The new independent Senate won't be afraid to make changes to Liberal legislation but that doesn't mean it will derail Prime Minister Justin Trudeau's agenda, according to the government's point man in the Red Chamber.
Senator Peter Harder, the government's representative in the Senate, said the chamber of sober second thought is slowly transforming into an independent, less partisan and more accountable body that complements the elected House of Commons. And that means, at times, making changes to bills passed by members of Parliament, he said.
"Sometimes I have to go to the government and say, you know, there are issues here you might want to reflect on," Mr. Harder said in a year-end interview.
"There have been occasions even in the last eight months when I advanced legislation back to the other chamber that was different than the legislation as it came," he added.
After a years-long scandal over Senate expenses left the institution's reputation in tatters, the Liberal government created a new appointment process that relies on an advisory board to make recommendations to the Prime Minister in a bid to make the Senate more independent.
But the change has left many wondering how the Liberal government will ensure its bills, which must pass in both the House and the Senate, will become law without the traditional party system in the Red Chamber. There are now 42 non-affiliated senators who make up the largest chunk in the 105-member chamber. While acknowledging the new Senate is a "work in progress," Mr. Harder said he hasn't yet had to use any heavy-handed tactics, such as limiting debate on bills, to get the government's legislation through.
"We have had understandings that allowed the government's agenda to advance at a pace that I was comfortable with. And I hope that that can continue," he said.
He cited two recent examples of the way Senate committees changed what they believed to be flawed legislation.
One had to do with a bill that tackles gender discrimination in the Indian Act, and a request from senators to ask the Quebec Superior Court for more time to consult. Another dealt with controversial changes to the Bank Act in the government's budget bill. Finance Minister Bill Morneau agreed to remove the changes in response to strong objections from Quebec and some senators.
"I think you're seeing the Senate do what it has been asked to do," Mr. Harder said.
Conservative Senator Denise Batters, however, said in a recent video that "democracy is currently under attack" in the Senate. She said Mr. Harder is attempting to "destroy the Senate opposition" and questioned whether he was taking his cues from the Prime Minister's Office.
Some government laws appear to be languishing. It took six months for a bill that repeals aspects of the former Conservative government's citizenship law, which included stripping citizenship from dual nationals convicted of terrorism, to make its way to a Senate committee before winter break. Another bill that changes the Conservative government's requirements for unions to publicly post detailed financial information is also still in committee.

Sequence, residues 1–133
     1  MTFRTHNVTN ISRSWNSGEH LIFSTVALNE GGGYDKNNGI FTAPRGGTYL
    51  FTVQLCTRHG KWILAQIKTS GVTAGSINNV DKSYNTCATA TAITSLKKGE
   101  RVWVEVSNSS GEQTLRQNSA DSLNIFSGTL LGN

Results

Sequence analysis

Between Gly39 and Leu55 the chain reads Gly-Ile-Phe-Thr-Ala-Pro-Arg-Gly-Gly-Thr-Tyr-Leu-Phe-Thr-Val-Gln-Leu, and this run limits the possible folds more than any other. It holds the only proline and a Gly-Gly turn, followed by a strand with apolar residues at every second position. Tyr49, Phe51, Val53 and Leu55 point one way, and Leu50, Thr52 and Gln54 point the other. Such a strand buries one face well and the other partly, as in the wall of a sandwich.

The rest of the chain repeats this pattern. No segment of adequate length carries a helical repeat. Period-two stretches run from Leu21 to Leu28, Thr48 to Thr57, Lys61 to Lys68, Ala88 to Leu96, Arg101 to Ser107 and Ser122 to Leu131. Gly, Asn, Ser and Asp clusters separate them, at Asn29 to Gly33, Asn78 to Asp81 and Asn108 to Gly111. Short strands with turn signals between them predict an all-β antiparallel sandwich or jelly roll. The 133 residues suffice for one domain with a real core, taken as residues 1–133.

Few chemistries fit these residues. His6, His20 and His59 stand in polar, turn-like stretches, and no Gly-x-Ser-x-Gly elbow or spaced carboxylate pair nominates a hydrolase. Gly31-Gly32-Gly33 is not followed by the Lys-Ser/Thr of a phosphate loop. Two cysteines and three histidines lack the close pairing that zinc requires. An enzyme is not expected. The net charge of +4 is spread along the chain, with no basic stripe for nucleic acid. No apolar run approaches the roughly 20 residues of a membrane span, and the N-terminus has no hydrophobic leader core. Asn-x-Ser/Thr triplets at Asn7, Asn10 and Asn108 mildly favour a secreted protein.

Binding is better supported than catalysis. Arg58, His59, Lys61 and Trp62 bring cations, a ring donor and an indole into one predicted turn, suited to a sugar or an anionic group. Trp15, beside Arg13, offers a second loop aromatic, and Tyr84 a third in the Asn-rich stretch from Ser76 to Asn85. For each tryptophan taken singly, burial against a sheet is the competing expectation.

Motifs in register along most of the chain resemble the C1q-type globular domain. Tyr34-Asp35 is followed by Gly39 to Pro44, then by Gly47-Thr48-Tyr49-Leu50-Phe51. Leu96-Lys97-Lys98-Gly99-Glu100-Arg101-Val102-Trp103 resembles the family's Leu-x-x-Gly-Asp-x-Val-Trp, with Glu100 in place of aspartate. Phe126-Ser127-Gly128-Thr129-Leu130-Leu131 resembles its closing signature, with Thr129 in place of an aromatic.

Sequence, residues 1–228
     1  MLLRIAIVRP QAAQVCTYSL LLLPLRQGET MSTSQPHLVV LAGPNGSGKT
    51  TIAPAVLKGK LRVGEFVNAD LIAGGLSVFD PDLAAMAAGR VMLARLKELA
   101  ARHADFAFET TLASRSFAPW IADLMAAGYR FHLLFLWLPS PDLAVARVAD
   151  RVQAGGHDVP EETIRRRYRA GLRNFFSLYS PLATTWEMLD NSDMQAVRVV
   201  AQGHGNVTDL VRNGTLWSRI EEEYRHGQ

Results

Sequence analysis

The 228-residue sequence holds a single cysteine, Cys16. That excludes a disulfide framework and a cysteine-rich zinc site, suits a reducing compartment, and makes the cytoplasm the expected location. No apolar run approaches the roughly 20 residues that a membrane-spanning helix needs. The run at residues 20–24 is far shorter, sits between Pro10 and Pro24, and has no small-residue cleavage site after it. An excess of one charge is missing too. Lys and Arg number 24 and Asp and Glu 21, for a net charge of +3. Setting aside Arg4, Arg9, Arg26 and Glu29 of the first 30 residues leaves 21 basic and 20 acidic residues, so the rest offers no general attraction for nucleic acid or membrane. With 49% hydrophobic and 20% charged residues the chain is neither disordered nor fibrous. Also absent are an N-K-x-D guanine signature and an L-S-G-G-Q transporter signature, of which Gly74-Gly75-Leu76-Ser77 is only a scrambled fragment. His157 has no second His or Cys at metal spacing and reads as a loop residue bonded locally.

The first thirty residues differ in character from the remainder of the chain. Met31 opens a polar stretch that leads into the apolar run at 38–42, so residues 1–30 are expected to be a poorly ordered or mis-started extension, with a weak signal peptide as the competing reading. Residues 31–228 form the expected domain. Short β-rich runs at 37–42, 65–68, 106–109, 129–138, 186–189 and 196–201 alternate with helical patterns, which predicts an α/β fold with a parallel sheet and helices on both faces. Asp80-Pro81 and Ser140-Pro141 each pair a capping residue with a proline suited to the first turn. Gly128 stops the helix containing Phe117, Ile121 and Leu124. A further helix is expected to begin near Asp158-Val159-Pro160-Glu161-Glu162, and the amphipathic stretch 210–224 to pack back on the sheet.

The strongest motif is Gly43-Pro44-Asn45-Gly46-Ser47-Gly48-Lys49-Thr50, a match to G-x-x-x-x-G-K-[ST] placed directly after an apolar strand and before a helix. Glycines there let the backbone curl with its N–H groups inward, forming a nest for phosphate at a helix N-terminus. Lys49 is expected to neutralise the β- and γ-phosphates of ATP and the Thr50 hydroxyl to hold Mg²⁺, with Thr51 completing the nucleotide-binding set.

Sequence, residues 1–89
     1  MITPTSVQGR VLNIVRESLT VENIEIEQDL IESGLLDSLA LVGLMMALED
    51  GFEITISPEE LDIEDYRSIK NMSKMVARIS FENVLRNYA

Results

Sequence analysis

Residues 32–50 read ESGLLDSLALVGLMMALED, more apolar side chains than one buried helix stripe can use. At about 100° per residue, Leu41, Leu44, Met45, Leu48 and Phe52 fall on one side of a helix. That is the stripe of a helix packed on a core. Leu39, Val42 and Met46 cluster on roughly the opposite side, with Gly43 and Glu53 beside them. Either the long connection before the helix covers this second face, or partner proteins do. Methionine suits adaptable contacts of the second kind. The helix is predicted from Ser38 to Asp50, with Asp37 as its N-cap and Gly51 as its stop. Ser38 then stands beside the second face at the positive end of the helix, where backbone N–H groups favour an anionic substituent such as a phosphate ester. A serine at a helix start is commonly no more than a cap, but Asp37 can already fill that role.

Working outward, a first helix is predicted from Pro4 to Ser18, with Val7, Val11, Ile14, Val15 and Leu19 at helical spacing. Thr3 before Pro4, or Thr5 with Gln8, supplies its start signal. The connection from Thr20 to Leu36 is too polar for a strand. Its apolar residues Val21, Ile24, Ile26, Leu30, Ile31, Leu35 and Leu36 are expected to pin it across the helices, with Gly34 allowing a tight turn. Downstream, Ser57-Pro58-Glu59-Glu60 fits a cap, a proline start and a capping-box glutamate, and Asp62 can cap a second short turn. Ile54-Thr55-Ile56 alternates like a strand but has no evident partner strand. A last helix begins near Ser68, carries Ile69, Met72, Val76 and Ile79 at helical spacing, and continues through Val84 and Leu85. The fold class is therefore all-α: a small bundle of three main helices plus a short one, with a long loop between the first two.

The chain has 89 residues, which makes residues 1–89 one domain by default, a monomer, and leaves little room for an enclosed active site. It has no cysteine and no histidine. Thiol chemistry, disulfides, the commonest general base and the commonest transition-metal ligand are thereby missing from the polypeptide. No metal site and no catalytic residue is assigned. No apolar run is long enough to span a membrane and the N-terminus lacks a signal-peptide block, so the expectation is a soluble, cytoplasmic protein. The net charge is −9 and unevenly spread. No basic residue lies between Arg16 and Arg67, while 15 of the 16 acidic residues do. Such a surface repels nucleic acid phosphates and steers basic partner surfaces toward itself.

Josh Paterson, executive director at the British Columbia Civil Liberties association, which challenged the previous government's citizenship law, said he's concerned about the length of time the repeal bill is taking in the Senate.
"The sooner that we put an end to second-class citizenship in this country, the better," he said.
But he said he's hopeful the bill's sponsor, independent Senator Ratna Omidvar, will be able to pass an amendment that would allow those who are deemed to have misrepresented themselves to appeal the decision at a hearing before their citizenship is revoked.
"All of this delay results in more and more Canadians who are potentially losing their citizenship without the opportunity to have a fair hearing," Mr. Paterson said. "That being said, we're quite hopeful that they're going to get it right."
Mr. Harder said the citizenship and union bills would be dealt with "in an expeditious fashion when we return" in February, as will the government's transgender rights bill.
He added that senators are keenly aware of their power and the fact that they are not elected.
Mr. Harder pointed to the Liberal government's physician-assisted dying bill last spring, which senators initially wanted to broaden to include those who are not at the end of life. But when the House of Commons rejected that amendment, senators backed down.
"Because we are appointed, that authority has been restrained, self-restrained. And I think that's appropriate," he said.
Priorities for next year also include coming up with an internal auditing system for the Senate, as well as figuring out how the new independents will organize themselves in the confines of the party system. Senate committees have already been rejigged to reflect 40-per-cent Conservatives, 40-per-cent independent and 20-per-cent Liberals.
"I'm very excited about the next year because I do think it's the year of momentum for reform," Mr. Harder said.